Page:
Adani ordered to pay ‘exploited’ customers $100m


Mining company Adani has been ordered to pay more than $100 million to customers of its Abbot Point coal terminal after a court found it had engaged in unconscionable conduct and exploitative and dishonest behaviour.

The legal dispute arose between the Adani Abbot Point Terminal and four users of its port - Lake Vermont Resources, QCoal, Byerwen Coal and Sonoma Mine Management - in relation to the charges the companies were paying for access and handling at the North Queensland port.

In a judgment handed down late yesterday, Justice Jean Dalton ordered the Indian mining giant pay $37.9 million to Lake Vermont Resources, $25.3 million to QCoal, $31.7 million to Byerwen and $11.9 million to the Sonoma Mine.

She found Adani had not given its port customers "reasonable charges" for use of the facility and had engaged in "dishonest behaviour" and went out of its way to structure transactions so that it received an extra $255 million payment.

"The applicant's conduct was deliberate, not just heedless or indifferent to the position of the remaining users," Justice Dalton found.

"The applicant was fully cognisant as to the effect its behaviour would have in increasing the fixed costs to the remaining users.

"It desired that effect in order to advantage itself financially. That is, to achieve a gain for itself, the applicant engaged in calculated behaviour to the disadvantage of the respondents."

Justice Dalton said the company engaged in "disguising and camouflaging behaviour" and made "a dishonest attempt to defeat the respondents' exercise of their legal rights".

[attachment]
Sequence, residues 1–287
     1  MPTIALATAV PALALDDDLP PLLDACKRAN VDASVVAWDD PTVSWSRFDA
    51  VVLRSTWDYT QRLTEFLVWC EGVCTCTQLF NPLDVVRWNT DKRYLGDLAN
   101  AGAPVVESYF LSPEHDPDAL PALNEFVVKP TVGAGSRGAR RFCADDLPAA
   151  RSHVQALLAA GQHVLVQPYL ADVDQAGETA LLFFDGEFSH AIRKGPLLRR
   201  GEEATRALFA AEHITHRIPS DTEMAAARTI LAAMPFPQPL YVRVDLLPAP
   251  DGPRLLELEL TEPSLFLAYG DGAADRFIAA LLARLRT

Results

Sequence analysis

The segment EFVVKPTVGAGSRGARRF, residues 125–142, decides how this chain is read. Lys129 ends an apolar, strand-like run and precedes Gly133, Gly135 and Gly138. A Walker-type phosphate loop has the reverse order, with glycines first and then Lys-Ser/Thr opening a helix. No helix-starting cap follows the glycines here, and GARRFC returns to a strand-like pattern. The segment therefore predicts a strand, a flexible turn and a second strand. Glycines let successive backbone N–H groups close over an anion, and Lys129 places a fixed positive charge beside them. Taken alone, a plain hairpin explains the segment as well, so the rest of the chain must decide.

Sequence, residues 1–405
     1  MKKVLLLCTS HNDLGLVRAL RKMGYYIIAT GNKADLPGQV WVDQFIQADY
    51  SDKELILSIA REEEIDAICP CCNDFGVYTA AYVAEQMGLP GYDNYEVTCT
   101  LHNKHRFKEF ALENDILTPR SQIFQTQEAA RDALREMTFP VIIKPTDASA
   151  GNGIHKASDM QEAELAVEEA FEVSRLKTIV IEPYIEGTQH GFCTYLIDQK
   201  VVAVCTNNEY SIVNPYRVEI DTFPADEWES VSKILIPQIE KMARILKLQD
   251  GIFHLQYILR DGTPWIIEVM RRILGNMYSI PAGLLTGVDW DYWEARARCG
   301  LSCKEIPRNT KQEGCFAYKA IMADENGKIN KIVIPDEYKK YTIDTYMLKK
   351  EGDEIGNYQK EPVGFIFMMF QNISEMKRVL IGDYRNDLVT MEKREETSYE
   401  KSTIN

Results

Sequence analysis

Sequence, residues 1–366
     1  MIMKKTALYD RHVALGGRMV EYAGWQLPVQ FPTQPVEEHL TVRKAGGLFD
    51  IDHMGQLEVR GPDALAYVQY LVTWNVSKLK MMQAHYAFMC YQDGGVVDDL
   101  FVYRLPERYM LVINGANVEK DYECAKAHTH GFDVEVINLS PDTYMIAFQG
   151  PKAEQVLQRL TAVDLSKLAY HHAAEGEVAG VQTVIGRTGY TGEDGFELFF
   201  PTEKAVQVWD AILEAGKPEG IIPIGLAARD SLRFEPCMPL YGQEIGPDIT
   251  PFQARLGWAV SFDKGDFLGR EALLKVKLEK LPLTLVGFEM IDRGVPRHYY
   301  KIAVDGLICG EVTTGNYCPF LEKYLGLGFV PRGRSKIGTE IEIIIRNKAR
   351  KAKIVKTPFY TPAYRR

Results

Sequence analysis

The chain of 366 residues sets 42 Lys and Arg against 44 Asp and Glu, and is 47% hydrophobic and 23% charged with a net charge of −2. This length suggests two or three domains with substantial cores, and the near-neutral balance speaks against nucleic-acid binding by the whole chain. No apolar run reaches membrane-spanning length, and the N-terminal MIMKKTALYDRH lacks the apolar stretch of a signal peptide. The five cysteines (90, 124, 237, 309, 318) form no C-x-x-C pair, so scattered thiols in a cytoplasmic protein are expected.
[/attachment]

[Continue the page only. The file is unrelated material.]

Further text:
An Adani spokesperson said the company was "carefully considering" the judgment.

"The decision concerns a dispute between the company and four of its commercial customers relating to terminal handling and access charges at the Abbot Point Port," the spokesperson said.


Magnetite is seen at Adani’s Abbot Point terminal. Picture: Dean Sewell/Oculi
Magnetite is seen at Adani’s Abbot Point terminal. Picture: Dean Sewell/Oculi


"Whilst respecting the judgment of the Supreme Court, the matters in dispute between the parties are complex and AAPT in conjunction with its legal advisers will review Her Honour's reasons and consider the company's rights of appeal."

The findings came hours after it was revealed the mining giant had attempted to secure "extraordinary" secret search orders on one of its most high-profile opponents in the weeks before it lodged its landmark civil damages claim on Wednesday.

The Supreme Court on Thursday published unreported decisions from two private hearings held in June and July of this year in which mining giant Adani applied for the court to grant an application for them to enter and search the home of activist Benjamin Pennings and seize his computers and electronic devices.

Both applications were refused and the matter will continue by way of a civil damages case which was lodged by the company against Mr Pennings claiming he has orchestrated a sustained campaign of harassment and intimidation against the company over a number of years.

Mr Pennings slammed the mining giant's "attack dog legal strategy" and vowed not to let the company "threaten or bankrupt" his family.

An Adani spokesperson said it had sought the search order from the Supreme Court to "secure evidence" for its civil claim.

"The civil legal action that this search order related to seeks to limit the campaign of harassment and intimidation we claim has been orchestrated by Mr Pennings against our business that aims to prevent us from legally and legitimately pursuing our commercial interests," the spokesperson said.



Originally published as Adani ordered to pay 'exploited' customers $100m